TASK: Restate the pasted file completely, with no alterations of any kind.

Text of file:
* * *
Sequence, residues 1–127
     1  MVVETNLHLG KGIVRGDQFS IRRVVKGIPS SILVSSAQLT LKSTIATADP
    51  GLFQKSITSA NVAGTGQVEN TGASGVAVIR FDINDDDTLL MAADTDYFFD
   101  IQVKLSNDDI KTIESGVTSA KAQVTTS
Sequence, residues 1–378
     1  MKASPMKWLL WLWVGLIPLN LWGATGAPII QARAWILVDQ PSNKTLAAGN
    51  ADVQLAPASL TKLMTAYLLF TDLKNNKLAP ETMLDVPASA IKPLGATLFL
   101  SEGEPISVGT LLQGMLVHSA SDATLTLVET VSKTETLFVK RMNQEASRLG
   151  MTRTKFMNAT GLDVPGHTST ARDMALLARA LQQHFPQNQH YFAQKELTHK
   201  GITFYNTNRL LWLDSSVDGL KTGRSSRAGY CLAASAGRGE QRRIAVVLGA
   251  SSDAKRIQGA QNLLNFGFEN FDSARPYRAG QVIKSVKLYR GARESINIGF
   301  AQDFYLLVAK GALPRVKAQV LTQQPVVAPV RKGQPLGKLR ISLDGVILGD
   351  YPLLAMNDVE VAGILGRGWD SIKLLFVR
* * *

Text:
Sequence, residues 1–127
     1  MVVETNLHLG KGIVRGDQFS IRRVVKGIPS SILVSSAQLT LKSTIATADP
    51  GLFQKSITSA NVAGTGQVEN TGASGVAVIR FDINDDDTLL MAADTDYFFD
   101  IQVKLSNDDI KTIESGVTSA KAQVTTS
Sequence, residues 1–378
     1  MKASPMKWLL WLWVGLIPLN LWGATGAPII QARAWILVDQ PSNKTLAAGN
    51  ADVQLAPASL TKLMTAYLLF TDLKNNKLAP ETMLDVPASA IKPLGATLFL
   101  SEGEPISVGT LLQGMLVHSA SDATLTLVET VSKTETLFVK RMNQEASRLG
   151  MTRTKFMNAT GLDVPGHTST ARDMALLARA LQQHFPQNQH YFAQKELTHK
   201  GITFYNTNRL LWLDSSVDGL KTGRSSRAGY CLAASAGRGE QRRIAVVLGA
   251  SSDAKRIQGA QNLLNFGFEN FDSARPYRAG QVIKSVKLYR GARESINIGF
   301  AQDFYLLVAK GALPRVKAQV LTQQPVVAPV RKGQPLGKLR ISLDGVILGD
   351  YPLLAMNDVE VAGILGRGWD SIKLLFVR